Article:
The result of the EU referendum and the now imminent Brexit have been met with shock and disbelief both globally and in the UK. Despite indications by the polls there was still hope that reason would prevail over inwardness, hate and anger. At the same time, however, the result seems to be the sad but natural culmination of a campaign period marked by viciousness, lies and fear-mongering, which has divided the country and unleashed dark powers of nationalistic superiority, racism and xenophobia that would have been hard to deal with, even if the result of the referendum had been different, and the British public had decided to stay within the Union. Emotions have been running high in the last months, and the UK media contributed significantly to this. But their toxic role in the referendum has to be seen beyond this specific historical moment.
The Brexit vote is not a vote of protest against the undemocratic, bureaucratic and neoliberal EU, as Lexit supporters would like to believe. It is predominantly a blow against immigration, refugees and transnational solidarity inspired by fear, resentment, nationalism and a historical sense of superiority. These anti-immigrant, Islamophobic, and nationalistic feelings have been fomented by decades of racist and xenophobic media coverage, especially in the tabloid and right-wing press. What the referendum did was further legitimise these sentiments by offering them a platform of public expression within the VoteLeave campaign. Once unleashed beyond the domain of the tabloids, such discourses will have a grave impact on the social fabric of society.
This xenophobic discourse was further enabled by a sustained coverage of the European Union as the ‘other’ of UK politics. Rupert Murdoch’s media have been the ringleaders of a blatant and well-sustained anti-EU campaign throughout the years of his reign in the British media landscape, a hostility based on Murdoch’s inclination for low taxes and weak media regulation. The overall coverage of Europe has not differed considerably, however, across the political spectrum. The EU has been predominantly covered in British media as a force to resist against or benefit from but always distinctly different from the UK and its politics. The recent reporting on Cameron’s negotiations with the EU is an illustration of this long-standing tendency.
To these two overtly nationalistic tendencies of the media, one has to add their long-term fascination with the two personalities that have ultimately led the VoteLeave campaign. Nigel Farage has been attracting disproportionate coverage in the media given his actual low popularity even before last year’s general election. Despite the fact he is not even an MP – but ironically an MEP -, his voice has been among the loudest in the campaign period, as his xenophobic and fear-mongering outbursts attracted media attention and provided him increased visibility. At the same time, Boris Johnson has been represented, since his days as a Mayor of London, as the buffoon-next-door rather than the opportunistic, elite demagogue that he really is. Both personalities have gained prominence over the last few years on the basis of their entertainment value and media’s preference for personalities over ideologies and sound bites over informed debate.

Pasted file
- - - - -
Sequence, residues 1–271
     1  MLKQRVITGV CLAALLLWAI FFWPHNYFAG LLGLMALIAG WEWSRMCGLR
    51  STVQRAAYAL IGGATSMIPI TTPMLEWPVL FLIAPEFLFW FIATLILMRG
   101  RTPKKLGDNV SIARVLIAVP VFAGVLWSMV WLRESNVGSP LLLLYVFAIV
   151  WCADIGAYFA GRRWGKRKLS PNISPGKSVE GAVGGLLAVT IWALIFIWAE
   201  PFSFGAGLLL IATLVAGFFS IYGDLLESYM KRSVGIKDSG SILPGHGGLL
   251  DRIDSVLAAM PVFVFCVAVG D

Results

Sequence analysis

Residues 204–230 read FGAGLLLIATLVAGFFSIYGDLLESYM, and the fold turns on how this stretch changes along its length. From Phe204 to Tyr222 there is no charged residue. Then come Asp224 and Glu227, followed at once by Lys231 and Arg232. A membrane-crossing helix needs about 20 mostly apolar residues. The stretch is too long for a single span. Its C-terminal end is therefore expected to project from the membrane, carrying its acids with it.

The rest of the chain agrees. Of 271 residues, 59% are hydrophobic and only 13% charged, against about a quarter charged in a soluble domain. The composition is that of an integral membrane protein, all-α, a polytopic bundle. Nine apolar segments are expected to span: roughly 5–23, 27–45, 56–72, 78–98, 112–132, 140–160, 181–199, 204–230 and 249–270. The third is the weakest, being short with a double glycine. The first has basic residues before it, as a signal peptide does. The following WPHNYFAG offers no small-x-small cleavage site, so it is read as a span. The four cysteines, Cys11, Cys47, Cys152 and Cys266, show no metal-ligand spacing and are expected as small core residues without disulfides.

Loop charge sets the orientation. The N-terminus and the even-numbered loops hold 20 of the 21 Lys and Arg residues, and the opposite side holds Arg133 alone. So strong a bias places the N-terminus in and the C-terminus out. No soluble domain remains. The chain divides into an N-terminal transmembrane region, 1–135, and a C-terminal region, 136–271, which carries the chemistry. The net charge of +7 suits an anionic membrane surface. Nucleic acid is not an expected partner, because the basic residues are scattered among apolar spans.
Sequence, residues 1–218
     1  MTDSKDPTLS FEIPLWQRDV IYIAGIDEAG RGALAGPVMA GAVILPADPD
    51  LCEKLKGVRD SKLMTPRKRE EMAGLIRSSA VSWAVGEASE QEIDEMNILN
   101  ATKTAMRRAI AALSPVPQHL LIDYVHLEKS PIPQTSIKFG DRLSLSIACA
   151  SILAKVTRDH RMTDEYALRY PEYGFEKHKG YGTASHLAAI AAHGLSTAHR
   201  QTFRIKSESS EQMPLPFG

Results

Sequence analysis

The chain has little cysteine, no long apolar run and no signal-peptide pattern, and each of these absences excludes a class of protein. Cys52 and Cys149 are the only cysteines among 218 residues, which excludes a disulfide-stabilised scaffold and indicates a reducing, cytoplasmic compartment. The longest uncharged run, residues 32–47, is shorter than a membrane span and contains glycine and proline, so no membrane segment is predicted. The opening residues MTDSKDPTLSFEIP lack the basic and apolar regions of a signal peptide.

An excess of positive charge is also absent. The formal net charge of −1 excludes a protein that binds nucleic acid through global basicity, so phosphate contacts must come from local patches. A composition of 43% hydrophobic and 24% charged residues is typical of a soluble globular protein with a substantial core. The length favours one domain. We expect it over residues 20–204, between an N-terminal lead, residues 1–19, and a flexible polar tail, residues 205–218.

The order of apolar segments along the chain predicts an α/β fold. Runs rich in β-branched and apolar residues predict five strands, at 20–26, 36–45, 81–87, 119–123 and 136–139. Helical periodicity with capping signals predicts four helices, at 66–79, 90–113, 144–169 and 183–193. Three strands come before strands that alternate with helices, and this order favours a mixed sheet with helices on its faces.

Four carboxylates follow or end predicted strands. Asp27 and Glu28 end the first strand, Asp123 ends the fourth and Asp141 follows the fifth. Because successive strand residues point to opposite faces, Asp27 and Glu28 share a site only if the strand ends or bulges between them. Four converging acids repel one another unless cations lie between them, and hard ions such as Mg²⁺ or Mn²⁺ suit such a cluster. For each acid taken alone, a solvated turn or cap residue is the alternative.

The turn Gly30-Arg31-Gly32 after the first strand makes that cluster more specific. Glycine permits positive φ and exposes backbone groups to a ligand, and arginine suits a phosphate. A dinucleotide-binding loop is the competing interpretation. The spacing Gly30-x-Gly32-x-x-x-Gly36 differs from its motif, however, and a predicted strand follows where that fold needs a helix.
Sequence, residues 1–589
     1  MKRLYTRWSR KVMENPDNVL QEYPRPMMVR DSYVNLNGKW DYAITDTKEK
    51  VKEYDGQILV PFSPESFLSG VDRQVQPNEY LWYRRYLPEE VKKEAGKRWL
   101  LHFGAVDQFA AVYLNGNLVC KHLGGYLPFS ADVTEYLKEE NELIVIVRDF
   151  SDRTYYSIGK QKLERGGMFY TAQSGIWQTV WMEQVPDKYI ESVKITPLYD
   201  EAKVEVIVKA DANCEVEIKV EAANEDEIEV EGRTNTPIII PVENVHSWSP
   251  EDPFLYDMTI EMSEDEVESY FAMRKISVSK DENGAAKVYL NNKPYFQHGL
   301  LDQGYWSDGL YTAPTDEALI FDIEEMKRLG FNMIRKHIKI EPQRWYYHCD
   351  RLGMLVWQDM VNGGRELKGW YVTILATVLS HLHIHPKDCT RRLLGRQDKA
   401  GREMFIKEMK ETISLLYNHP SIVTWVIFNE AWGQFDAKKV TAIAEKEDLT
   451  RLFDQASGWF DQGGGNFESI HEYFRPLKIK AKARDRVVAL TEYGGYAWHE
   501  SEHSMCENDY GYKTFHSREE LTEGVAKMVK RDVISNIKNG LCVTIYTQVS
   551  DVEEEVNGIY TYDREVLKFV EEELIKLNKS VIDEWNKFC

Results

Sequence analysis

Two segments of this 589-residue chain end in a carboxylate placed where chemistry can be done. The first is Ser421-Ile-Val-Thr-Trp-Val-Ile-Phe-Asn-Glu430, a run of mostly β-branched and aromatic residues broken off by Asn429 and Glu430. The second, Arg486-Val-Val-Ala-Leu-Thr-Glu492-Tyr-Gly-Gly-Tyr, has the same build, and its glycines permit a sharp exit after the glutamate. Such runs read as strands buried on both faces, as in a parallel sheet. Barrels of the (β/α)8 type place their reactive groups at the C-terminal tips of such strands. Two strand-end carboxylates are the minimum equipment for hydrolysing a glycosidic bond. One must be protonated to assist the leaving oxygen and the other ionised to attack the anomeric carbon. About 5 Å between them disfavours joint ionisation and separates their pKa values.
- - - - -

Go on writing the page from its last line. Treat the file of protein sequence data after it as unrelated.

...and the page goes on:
Left-wing media not only did not manage to challenge such representations but they often played along with them. More media space and attention has been devoted to apparent internal conflicts within the Left over the last months rather than the eminent risk of a Brexit. Trying to rebuke the fear-mongering campaign of the Leave supporters by resorting to similar threats about the country’s future only the last days before the referendum was not and could not possibly be helpful. What was needed was a more sustained coverage of the significance of the EU. Information gaps created over years of limited and distorted reporting could not have possibly been covered in the last couple of weeks.
British media have, therefore, failed to fulfill their role both by not creating the conditions for an informed decision with regard to the referendum and by providing limited, one-sided and even distorted information for a long time about what the European Union really means and what the place of the UK is in it. As the country will be licking its wounds and counting its losses in the months and years to come, while Murdoch will be gleefully rubbing his hands, it is also time for self-reflection for the media and journalists about the role they have played in this referendum, and the role they need to play when society is in crisis.
Note: This article gives the views of the author, and not the position of the Euro Crisis in the Press blog nor of the London School of Economics.
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